Service – We believe most professional firms do not provide services. They provide access to and/or transfer of knowledge, results, objectives, and occasionally goals.

Did we miss any of you favorites? If so, please leave a comment with the term to be avoided and your suggested alternatives.

ET HORA LIBELLUM DELENDA EST

Sesame Street for Knowledge Workers

Last Sunday, my wife and I brought my son, Sean, and daughter, Cara, to the Imagination Movers concert at the Verizon Center just outside Dallas. To coin a phrase, a good time was had by all.

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For those of you not familiar with the “Movers” (as we in the hip-in-the-know-‘cause-we-have-a-five-year-old crowd like to them) let me give you some quick background. The Imagination Movers are a kid-focused rock band that began when a group of four friends in New Orleans discovered they shared a similar distain for music groups oriented for children. (With this I agree with them. Barney, Teletubbies and especially The Wiggles are downright creepy.)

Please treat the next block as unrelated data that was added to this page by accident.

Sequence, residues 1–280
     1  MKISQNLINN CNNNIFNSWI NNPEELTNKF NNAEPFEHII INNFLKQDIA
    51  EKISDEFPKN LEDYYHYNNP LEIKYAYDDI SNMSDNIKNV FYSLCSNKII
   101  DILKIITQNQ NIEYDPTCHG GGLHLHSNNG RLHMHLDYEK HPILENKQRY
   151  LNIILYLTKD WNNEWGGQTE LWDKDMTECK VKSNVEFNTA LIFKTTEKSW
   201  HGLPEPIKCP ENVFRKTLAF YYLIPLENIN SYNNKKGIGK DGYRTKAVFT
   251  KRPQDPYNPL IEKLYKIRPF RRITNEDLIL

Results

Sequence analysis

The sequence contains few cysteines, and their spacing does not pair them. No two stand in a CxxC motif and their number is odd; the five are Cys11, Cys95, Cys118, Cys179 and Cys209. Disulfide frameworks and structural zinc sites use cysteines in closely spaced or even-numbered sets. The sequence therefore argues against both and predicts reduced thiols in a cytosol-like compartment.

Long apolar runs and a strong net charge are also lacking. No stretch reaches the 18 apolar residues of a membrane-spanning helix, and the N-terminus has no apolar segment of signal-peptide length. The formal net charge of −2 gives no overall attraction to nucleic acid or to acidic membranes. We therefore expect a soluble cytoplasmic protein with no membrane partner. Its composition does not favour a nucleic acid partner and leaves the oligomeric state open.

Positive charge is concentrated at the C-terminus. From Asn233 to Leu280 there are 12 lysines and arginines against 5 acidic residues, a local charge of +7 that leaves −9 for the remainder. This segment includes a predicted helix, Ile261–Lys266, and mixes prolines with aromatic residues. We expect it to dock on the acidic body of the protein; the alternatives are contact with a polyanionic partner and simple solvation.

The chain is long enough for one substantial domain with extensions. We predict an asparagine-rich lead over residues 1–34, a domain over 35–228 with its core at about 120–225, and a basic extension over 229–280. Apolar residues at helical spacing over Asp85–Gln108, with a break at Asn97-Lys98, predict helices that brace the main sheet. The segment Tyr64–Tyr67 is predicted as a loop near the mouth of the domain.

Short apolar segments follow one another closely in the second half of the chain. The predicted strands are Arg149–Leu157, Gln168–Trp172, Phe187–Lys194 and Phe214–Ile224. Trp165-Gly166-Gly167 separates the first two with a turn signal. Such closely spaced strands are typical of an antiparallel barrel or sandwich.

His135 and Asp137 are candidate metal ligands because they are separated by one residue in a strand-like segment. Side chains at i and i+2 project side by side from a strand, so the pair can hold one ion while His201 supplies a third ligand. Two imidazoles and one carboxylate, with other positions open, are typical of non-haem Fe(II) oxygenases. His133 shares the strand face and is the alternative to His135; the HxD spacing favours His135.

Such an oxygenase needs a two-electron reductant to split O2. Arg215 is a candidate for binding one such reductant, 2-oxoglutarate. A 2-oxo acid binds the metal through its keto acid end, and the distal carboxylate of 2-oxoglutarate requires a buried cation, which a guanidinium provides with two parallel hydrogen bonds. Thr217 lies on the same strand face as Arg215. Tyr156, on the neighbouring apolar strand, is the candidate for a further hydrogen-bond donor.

They achieved significant regional success, selling over 100,000 copies of their independently produced CDs. In 2006, they inked a deal with Disney and for the past three years have been one of the top-rated shows on the Disney Channel.

Aside from being a pretty darn good writers and performers, the messages they convey in their music and on their show is spot on for their audience of future knowledge workers.

Each show centers around a different customer (yes, they call them customers not clients) coming into their Idea Warehouse with a problem that needs solving. The four Movers than ask some diagnostic questions (notice they do not jump to a solution!) until they decide that they do, in fact, have an Idea Emergency (I love this term). This phrase always trips an alarm and begins the song called Brainstorming which is sung in every show.

Because there are “no bad ideas when you’re brainstorming,” the Movers always end up solving the problem for their customer. Now the exchange of money is never talked about, but a few of the shows have focused around the guys solving some of their own problems, including one episode in which they record a TV commercial to attract more customers. In another episode, Bad Hair Day (one of my son’s, OK, one of my favorites), they need to help Mover Scott get his hair under control so they can take a picture for the newspaper.